Red Sea Blues

Sailing up the Red Sea is not for the faint of heart. From the Bab al Mandeb to the Suez Canal, adventures and adversity are in abundance. If you take things too seriously, you just might get the Red Sea Blues.

Red Sea Chronicles Trailer

If you like drum beats, and you like adventure, then have a listen to the Red Sea Chronicles Trailer.

Red Sea Chronicles Episode 1 - When Flying Fish Attack

Flying fish assault Exit Only in the middle of the night as we sail through the Arabian Gulf from the Maldives to Oman. And so begins our Red Sea adventures.

Red Sea Chronicles Episode 2 - Pirate Alley

Sailing through Pirate Alley between Yemen and Somalia involves calculated risk. It may not be Russian Roulette, but it is a bit of a worry. Follow Team Maxing Out as they navigate through Pirate Alley.

Red Sea Chronicles Episode 3 - Aden, Yemen

Stopping in Yemen was just what the doctor ordered. We refueled, repaired our alternator, and we made friends with our gracious Yemeni hosts. We also went to Baskins Robbins as a reward for surviving Pirate Alley.

Red Sea Chronicles Episode 4- Gate of Sorrows and Sandstorms

After you survive Pirate Alley, you must sail through the Gate of Sorrows (Bab Al Mandab) at the southern entrance to the Red Sea. The Gate of Sorrows lived up to its name with fifty knots of wind and a sandstorm that pummeled Exit Only for two days. Life is good.

Patreon - Maxing Out

Captain Dave and his family spent eleven years sailing around the world on their Privilege 39 catamaran, Exit Only. During the trip, the crew shot 200 hours of video with professional cameras to show people what it's like to sail on a small boat around the world.

The Red Sea Chronicles is a one hour and twenty-two minute feature film showing their adventures as Exit Only sails through Pirate Alley in the Gulf of Aden and up the Red Sea. The professional footage documents their experiences in Oman, Yemen, Eritrea, Sudan, Egypt, and the Suez Canal. It chronicles the rigors of traveling in a remote section of the world rarely visited by cruisers. Exit Only dodges Yemeni pirates, fights a gale and sand storms in the Bab al Mandeb at the southern entrance to the Red Sea. The crew explores deserted islands on the western shores of the Red Sea, and learns to check the cruising guides for land mines before venturing ashore.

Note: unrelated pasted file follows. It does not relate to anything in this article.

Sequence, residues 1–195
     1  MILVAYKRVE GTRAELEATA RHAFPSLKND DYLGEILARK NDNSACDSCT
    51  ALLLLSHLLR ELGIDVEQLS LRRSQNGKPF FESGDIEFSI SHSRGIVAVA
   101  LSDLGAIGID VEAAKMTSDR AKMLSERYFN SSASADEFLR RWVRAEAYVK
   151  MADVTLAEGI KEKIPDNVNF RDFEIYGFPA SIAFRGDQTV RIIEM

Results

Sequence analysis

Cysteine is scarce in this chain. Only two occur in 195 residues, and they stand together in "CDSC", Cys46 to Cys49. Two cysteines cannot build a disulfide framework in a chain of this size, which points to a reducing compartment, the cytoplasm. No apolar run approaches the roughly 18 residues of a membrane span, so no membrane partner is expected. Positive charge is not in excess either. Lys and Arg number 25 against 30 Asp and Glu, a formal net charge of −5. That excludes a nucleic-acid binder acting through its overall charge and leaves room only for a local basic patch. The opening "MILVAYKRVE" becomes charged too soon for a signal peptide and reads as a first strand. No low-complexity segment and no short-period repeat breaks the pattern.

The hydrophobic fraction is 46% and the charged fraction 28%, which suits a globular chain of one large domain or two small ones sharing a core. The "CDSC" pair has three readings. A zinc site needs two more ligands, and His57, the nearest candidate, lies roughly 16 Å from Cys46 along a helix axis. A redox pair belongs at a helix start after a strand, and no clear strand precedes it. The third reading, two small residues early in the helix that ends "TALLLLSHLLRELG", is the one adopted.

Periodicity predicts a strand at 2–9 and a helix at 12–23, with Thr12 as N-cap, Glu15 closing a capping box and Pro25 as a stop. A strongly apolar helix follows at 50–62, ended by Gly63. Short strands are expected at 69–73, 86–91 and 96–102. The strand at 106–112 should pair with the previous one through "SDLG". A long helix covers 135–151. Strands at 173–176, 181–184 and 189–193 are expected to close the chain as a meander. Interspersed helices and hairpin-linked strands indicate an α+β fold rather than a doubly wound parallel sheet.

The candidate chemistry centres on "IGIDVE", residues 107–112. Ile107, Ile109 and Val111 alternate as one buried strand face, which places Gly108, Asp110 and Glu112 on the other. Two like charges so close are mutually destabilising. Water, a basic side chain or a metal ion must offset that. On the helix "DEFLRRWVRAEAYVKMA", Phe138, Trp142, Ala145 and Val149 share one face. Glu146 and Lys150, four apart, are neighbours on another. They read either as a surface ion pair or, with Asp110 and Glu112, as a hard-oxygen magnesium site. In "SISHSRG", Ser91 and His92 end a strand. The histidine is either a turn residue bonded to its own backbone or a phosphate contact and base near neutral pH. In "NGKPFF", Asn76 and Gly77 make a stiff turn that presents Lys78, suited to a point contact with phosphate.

The Red Sea Chronicles also has outstanding Special Features including an Instructional Video on Storm Management that tells sailors how to deal with storms at sea.

And don't forget the two Music Videos: "The Red Sea Blues", and "Captain - Save Our Souls".

The Red Sea Chronicles is a first class adventure that stokes the sailing dreams of both experienced and wannabe sailors alike.


    Team Maxing Out Sails Around The World On Their 39 Foot Catamaran

    Join Team Maxingout as they sail through Pirate Alley and up the Red Sea


    Give your dream machine a shot in the arm

    See what it's like to cruise on a catamaran before you spend a bazillion dollars purchasing one


    View the storm management video to learn how Captain Dave dealt with storms at sea

    After watching the Red Sea Chronicles you will be able to see yourself sailing on the ocean of your dreams

Red Sea Chronicles

Save A Tree Bookstore

Although I like the feel of a paper book in my hand, I love trees even more. When people purchase an eBook, they actually save trees and save money as well. Ebooks are less expensive and have no negative impact on the environment. All of Dr. Dave's books are available at Save A Tree Bookstore. Visit the bookstore today and start putting good things into your mind. It's easy to fill your mind with positive things using eBooks. No matter where you are or what you are doing, you can pull out your smart phone or tablet and start reading. You can even use electronic highlighters and make annotations in your eBooks just like paper books.